Well, that’s cool.
I’ve been meaning to redo my blogging software for a while — it was written in this badly over-architected Java (a cynic might suggest there’s no other kind; I’m not such a cynic) that made it a total pain in the ass to change anything. And for extra fun, my booklog was running off an older version of the code, so couldn’t do little things like RSS.
The problem with redoing it was finding a suitable environment to do it in. I didn’t want to use Perl, because it feels too quick and dirty for anything larger than 50 lines, its XML support isn’t great, and it’s just soooo 1997. I couldn’t use C# because I’m on Unix. I tried using Common Lisp, which was cool and interesting, but too difficult to find suitable libraries for (and a pain to integrate into the environment). So finally, I tried Python, which I’d resisted for a while due to non-Unicode native strings, some ugly __underscores__, and a general sense of superfluity.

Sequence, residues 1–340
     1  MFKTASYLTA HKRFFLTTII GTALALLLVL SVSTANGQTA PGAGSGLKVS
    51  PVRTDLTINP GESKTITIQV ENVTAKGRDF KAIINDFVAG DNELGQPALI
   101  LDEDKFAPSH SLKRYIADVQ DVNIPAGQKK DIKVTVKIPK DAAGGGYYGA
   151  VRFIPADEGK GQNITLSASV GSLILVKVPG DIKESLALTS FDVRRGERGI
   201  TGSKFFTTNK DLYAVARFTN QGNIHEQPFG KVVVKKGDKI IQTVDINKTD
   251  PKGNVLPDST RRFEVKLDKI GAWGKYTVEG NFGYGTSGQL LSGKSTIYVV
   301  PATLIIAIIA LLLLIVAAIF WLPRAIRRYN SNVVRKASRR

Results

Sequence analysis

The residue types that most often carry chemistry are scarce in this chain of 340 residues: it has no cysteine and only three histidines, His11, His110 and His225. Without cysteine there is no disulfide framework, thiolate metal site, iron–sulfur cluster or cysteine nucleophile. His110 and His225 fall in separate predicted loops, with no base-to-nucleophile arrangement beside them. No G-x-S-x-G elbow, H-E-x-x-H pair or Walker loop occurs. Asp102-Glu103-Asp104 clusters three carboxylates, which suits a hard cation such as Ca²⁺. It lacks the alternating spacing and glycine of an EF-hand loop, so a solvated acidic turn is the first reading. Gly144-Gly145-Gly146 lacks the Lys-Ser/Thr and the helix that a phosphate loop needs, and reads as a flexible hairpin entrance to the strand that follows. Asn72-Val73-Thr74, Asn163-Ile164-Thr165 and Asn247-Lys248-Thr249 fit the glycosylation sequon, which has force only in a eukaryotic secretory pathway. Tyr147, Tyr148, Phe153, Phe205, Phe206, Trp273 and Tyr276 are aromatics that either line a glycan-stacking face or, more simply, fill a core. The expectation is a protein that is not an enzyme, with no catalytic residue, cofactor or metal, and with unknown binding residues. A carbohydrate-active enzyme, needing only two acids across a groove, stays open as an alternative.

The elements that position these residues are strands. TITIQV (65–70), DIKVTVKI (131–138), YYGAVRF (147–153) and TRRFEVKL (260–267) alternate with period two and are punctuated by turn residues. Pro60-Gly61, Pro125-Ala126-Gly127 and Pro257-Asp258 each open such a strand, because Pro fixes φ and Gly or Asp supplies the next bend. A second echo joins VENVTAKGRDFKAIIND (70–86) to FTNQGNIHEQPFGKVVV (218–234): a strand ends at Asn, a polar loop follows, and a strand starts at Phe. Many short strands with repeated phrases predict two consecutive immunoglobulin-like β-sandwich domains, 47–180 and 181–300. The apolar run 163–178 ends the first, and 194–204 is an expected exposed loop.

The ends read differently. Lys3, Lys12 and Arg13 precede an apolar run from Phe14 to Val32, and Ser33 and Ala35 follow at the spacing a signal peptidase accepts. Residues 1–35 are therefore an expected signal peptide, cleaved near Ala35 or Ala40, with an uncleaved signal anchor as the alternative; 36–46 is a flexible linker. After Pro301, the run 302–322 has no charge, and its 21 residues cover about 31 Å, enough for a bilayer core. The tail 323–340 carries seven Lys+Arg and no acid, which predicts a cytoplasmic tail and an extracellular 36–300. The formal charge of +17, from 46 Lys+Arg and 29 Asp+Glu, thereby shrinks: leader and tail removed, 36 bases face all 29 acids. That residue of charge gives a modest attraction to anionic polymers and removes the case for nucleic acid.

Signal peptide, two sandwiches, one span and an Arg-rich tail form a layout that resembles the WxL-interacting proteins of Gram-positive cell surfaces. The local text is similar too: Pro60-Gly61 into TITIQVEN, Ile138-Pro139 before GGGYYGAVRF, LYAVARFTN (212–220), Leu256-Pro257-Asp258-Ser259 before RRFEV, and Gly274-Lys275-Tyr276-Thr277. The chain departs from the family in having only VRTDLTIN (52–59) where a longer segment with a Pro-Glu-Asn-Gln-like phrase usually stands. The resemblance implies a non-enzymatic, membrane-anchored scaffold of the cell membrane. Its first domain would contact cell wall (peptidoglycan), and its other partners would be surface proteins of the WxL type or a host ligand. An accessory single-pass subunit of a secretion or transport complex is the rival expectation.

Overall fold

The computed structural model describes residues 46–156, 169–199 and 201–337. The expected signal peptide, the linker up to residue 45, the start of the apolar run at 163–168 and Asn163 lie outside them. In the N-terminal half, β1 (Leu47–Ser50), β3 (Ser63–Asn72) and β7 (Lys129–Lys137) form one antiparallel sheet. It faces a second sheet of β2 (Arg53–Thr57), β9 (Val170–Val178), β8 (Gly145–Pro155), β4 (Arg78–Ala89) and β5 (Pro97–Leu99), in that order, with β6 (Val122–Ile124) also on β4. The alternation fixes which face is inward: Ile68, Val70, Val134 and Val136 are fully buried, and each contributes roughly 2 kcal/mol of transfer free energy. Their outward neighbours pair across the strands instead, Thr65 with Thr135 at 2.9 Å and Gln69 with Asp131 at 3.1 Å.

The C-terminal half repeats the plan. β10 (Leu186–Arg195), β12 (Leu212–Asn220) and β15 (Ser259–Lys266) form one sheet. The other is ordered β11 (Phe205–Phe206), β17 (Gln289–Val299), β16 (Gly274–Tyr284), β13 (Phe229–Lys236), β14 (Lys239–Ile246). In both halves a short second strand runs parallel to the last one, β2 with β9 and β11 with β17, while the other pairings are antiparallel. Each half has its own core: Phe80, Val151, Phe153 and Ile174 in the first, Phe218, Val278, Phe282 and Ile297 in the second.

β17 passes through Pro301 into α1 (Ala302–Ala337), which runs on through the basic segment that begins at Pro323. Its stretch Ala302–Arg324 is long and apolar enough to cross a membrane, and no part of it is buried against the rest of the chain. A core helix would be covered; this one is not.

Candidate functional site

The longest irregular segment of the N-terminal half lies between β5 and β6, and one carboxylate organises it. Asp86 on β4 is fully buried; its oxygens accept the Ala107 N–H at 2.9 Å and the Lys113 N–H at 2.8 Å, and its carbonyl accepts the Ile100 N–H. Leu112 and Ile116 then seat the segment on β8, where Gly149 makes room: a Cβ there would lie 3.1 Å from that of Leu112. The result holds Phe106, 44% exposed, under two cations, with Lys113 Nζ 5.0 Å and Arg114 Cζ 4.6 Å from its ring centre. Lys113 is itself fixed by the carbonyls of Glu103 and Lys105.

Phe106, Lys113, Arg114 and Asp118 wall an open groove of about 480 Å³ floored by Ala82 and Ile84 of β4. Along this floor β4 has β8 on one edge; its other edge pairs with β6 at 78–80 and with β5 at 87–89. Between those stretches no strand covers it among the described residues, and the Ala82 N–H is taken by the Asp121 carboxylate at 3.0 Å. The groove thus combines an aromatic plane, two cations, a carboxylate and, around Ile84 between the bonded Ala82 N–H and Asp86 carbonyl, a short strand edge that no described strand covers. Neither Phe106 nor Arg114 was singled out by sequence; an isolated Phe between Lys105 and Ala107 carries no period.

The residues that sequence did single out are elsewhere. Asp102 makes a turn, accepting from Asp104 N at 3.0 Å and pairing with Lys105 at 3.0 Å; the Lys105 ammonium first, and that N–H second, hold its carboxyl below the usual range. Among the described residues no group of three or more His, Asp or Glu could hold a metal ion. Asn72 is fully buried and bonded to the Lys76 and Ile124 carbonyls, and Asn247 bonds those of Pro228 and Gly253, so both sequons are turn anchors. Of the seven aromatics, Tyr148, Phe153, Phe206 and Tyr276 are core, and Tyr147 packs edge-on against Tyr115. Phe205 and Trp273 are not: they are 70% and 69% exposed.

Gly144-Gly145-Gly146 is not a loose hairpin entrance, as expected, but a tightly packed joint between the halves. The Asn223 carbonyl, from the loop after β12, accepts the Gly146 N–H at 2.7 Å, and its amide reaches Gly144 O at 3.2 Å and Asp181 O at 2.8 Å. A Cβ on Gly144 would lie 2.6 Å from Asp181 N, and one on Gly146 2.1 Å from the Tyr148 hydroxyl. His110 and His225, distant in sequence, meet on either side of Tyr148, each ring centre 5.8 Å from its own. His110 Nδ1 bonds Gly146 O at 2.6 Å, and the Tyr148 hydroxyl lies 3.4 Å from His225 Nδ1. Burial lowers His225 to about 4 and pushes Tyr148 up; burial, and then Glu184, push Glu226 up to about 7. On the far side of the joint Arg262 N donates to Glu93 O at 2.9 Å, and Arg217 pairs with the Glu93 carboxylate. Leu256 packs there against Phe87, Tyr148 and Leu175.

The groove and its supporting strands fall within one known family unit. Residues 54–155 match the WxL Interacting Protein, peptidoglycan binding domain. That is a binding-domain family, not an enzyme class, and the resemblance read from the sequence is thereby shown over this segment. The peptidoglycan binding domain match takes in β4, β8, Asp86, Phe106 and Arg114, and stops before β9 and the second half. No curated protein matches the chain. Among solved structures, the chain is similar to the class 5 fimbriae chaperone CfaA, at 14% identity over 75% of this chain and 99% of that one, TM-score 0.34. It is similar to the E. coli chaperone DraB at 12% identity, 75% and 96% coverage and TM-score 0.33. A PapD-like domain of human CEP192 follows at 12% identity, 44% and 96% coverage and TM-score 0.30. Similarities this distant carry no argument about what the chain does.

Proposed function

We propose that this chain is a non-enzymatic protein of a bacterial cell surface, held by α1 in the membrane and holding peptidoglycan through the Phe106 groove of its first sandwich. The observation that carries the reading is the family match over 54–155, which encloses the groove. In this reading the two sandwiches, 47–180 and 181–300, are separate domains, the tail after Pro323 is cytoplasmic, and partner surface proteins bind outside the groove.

Result: Niftiness. Starting from no knowledge of Python, using only an online tutorial and the official site, I was able to figure out what I needed to know and whip out a reasonable implementation in about eight hours. (Credit also goes to the fine folks behind 4Suite, a great XML API for Python that replaces a lot of DOM clunkiness with Xpathy goodness.)
Among the Lisp crowd, the knock against Python is that it’s just a clone of Lisp with heavier, more awkward syntax and a lot of missing functionality. If you spend most of your life in the Java/C# worlds, you can pretty much invert that to “gives you amazing amounts of power and flexibility in a light but familiar syntax.” Good stuff, and I think I’ve found a new language for my personal projects.